Most of us have an instinctive concept of motivation based on our own experience. We know what it feels like when we’re motivated, full of crackling energy and eager to get things done. We’re also familiar with the slothful malaise that covers us when we’re unmotivated.
But what exactly is motivation and why is it so important to us?
At a high level, motivation is a combination of biological, social, cognitive, and emotional forces that lead us to perform particular actions. It’s important to note that motivation can’t be boiled down to a single factor. Rather, it’s the result of the complex interplay between a variety of factors.
The important implication is that the more we can bring these factors into alignment with one another, the more motivated we’ll be.
When our biology, emotions, thinking, and social understanding are all pointed in the same direction, we’re motivated to take action.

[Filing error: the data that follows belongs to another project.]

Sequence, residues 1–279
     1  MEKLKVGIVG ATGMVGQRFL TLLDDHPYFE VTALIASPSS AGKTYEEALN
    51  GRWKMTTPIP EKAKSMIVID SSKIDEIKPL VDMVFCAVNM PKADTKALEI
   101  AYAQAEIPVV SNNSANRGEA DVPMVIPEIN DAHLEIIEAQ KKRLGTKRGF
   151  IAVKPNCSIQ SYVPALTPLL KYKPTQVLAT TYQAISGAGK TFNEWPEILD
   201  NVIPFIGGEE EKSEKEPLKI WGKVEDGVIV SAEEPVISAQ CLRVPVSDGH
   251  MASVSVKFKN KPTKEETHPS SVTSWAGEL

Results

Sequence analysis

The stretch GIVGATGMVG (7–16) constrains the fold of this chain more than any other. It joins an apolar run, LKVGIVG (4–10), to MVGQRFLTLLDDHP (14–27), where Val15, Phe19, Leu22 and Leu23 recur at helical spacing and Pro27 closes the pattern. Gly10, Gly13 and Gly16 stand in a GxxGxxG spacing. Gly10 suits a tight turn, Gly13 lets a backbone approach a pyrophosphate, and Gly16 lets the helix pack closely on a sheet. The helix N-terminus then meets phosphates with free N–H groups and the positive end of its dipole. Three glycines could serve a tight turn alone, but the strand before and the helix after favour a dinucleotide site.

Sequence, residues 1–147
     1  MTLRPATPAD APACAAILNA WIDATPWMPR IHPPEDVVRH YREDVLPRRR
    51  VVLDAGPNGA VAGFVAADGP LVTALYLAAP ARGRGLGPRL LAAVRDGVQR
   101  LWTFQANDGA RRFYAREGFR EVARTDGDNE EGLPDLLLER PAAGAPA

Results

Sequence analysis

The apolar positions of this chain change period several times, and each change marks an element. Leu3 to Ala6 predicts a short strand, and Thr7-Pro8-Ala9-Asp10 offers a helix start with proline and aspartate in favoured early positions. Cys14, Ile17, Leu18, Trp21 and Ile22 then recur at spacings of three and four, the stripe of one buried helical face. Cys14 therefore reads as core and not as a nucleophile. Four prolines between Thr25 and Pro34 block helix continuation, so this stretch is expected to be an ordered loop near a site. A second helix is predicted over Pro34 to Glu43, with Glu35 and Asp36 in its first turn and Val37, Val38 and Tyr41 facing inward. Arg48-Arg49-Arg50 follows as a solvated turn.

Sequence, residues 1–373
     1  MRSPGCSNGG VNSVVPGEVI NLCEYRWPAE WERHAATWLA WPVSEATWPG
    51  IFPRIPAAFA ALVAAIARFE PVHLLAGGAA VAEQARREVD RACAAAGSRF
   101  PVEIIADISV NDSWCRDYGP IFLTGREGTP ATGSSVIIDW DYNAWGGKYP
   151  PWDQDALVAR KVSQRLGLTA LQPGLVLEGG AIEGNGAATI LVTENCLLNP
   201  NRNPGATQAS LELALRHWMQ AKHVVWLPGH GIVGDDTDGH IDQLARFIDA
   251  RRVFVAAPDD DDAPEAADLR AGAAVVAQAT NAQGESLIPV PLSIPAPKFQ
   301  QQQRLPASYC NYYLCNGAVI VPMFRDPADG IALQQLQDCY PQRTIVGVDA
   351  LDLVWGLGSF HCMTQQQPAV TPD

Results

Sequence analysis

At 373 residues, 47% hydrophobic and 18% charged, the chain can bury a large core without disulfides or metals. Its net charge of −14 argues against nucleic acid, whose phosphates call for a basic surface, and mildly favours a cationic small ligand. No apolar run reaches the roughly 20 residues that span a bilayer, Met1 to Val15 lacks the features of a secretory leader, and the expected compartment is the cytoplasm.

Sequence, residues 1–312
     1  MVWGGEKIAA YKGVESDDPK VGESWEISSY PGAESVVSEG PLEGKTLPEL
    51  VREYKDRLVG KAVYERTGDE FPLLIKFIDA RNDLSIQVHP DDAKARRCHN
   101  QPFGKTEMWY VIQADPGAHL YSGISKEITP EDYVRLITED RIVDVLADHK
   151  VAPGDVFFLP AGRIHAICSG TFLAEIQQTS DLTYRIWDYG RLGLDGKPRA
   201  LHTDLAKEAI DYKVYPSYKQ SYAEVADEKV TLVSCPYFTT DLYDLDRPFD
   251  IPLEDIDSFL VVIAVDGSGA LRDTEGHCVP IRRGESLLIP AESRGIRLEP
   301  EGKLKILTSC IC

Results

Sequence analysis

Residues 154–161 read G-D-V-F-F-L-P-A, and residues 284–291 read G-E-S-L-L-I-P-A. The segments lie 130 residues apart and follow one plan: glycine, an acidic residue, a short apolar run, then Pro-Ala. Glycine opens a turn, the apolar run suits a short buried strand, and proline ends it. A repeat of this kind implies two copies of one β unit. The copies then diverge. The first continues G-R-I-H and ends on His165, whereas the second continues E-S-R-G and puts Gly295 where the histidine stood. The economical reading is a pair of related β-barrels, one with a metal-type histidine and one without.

For example, let’s say you’re trying to write a paper for a college class. If you’re sick or tired (biology), your motivation will be low, but if you’re robustly healthy, you’ll be much more enthusiastic about writing the paper. If you don’t care about the teacher or the class (social), you won’t care much about getting the paper done. On the other hand, if you respect the teacher and want to do well in the class, your motivation levels will increase.
Starting to see the big picture? One of the keys to being more motivated is harnessing all the motivational forces together to point you in a single direction. You can almost think of it like an equation:
Biology + Social Forces + Cognition + Emotion = Motivation